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If you ever find yourself wanting to inject some energy into a cross-functional gathering of delivery staff and stakeholders, ask for their opinion on estimates. For every person who adamantly insists that estimates are needed to support proper governance, someone else will argue that the inherent wrongness of an estimate and how estimates are abused will wipe out any benefits of defining them.

I’m not here to rehash the #estimates vs. #noestimates debate, but I felt it might be useful to understand what estimation techniques are being used by teams who are using agile approaches for delivering the scope of their projects.

There are numerous ways to estimate effort, cost or duration, but given the limitations of LinkedIn’s polling capability, I ran a poll in the PMI Project, Program and Portfolio Management group with only the following four choices:

  • Traditional techniques – this covers the range of estimation methods commonly associated with predictive delivery including analogous, parametric and bottom-up.
  • Relative sizing – this covered such techniques as story pointing, T-shirt sizing, affinity estimating and others.
  • Throughput and Monte Carlo – this refers to the process of forecasting based on an understanding of how many work items of a certain size can be completed within a fixed amount of time as well as using simulations to get a confidence level on how many work items might be completed by a given date.
  • #NoEstimates – whereas the original idea presented by Woody Zuill in 2012 really meant not to estimate release cost, effort or duration and to focus on delivering small, valuable work items as quickly as possible to stakeholders, it has evolved since to refer to a more realistic use of estimation only when and where it makes sense.

Given the higher level of uncertainty and complexity present in projects which lend themselves to adaptive approaches, my assumption had been that the votes would mostly be cast in the latter three categories. Traditional estimation techniques work very well when there is reliable historical data or expert judgment which is relevant within the context of the current work being done.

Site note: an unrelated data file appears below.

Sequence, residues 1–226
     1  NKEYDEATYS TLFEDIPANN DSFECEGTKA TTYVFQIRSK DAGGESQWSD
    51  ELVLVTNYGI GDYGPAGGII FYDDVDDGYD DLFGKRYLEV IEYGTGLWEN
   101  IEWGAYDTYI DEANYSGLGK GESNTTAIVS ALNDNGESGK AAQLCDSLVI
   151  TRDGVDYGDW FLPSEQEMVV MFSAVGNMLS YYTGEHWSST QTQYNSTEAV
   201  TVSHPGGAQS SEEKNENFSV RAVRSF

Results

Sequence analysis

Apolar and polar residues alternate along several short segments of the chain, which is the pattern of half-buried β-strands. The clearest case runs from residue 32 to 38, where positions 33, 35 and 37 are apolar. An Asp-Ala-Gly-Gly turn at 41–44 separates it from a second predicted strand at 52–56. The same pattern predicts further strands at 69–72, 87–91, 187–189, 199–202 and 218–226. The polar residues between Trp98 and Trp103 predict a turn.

At the end of the voting period, there was a tie for first place between the first two categories, each getting 42% out of the 37 votes cast. Throughput and Monte Carlo received 11% of the votes and #NoEstimates only received 5%.

The low volume for #NoEstimates is not surprising. While it might be the most pragmatic way of handling things, few teams have the support from leadership, customers and governance authorities to work in this manner.

Similarly, while a throughput-based forecasting approach combined with Monte Carlo simulations might be a better empirical approach, it does have a number of prerequisites to be successfully used, and also requires a fairly mature, disciplined team for it to work well.

I was expecting to see relative sizing receiving the majority of the votes, so I was surprised to see that traditional methods continued to dominate.

Just because something is popular, doesn’t mean its effective.

(If you liked this article, why not read my book Easy in Theory, Difficult in Practice which contains 100 other lessons on project leadership? It’s available on  and on  as well as a number of other online book stores).

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